The Bare Necessities Part 3

Another item that no cellist can do without is rosin.  Made from tree sap, this hard and sticky substance is applied to the bowhair to create friction between the bow and string and, ideally, create a beautiful tone.  Since it is used by all members of the string family (e.g. violins, violas, basses, cellos) it is important to buy the appropriate type for your instrument.  Cellists typically use darker, stickier rosin to accommodate their large thick strings.  While I cannot definitively identify the best brand of rosin, since every cellist develops his or her own personal opinion on the subject, I can identify one type that works for all beginners as well as my favorite brand which may interest some of the intermediate or advanced players out there.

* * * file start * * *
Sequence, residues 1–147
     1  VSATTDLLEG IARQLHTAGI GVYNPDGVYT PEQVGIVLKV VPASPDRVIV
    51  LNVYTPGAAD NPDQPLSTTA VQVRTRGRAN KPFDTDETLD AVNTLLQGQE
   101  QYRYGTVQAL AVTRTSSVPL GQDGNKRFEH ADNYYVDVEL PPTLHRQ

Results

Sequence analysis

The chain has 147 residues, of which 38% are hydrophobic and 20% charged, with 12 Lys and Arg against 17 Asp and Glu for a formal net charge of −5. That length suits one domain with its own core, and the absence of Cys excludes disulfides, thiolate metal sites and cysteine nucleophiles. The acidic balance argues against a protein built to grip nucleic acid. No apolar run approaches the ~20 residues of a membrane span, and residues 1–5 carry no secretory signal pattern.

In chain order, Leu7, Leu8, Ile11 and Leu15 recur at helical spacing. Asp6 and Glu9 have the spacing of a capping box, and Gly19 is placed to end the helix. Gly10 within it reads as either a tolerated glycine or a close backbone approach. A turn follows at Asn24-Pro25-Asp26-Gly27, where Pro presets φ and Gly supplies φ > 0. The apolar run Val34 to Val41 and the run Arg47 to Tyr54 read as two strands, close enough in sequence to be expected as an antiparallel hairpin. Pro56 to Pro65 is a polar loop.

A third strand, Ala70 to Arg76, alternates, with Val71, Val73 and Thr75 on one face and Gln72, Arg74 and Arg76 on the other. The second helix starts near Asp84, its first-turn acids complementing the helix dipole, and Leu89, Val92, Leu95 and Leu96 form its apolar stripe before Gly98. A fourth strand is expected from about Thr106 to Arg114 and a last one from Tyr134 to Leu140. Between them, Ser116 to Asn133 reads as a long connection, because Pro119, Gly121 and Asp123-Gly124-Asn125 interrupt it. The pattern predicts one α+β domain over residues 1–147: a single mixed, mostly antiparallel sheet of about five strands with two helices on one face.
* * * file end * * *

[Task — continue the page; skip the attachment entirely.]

1. Standard Cello Rosin


As I said before, this type of rosin works for all beginners.  I started with; so did most cellists I know.  It gets the job done of sticking to your bow and allowing you to produce a decent sound…in the beginning, that’s all you need.

To purchase this rosin on, click the image above.

2. Andrea Solo Cello Rosin

The Andrea Solo Cello Rosin is my rosin of choice.  I’ve been using it for two years now, and never get sick of it.  Minimal appliance allows me to produce a smooth but stable sound as well as a wide range of colors without unnecessary effort.

Andrea Rosin

I highly recommend this product to any intermediate level or advanced cellists looking for a good rosin brand. Fun fact, this particular brand is used by world renowned cellist Lynn Harrell.  Don’t know who Lynn Harrell is?  Watch and listen to one of the foremost cellists of our time on youtube.

To purchase Andrea Solo Cello Rosin on, click the image above.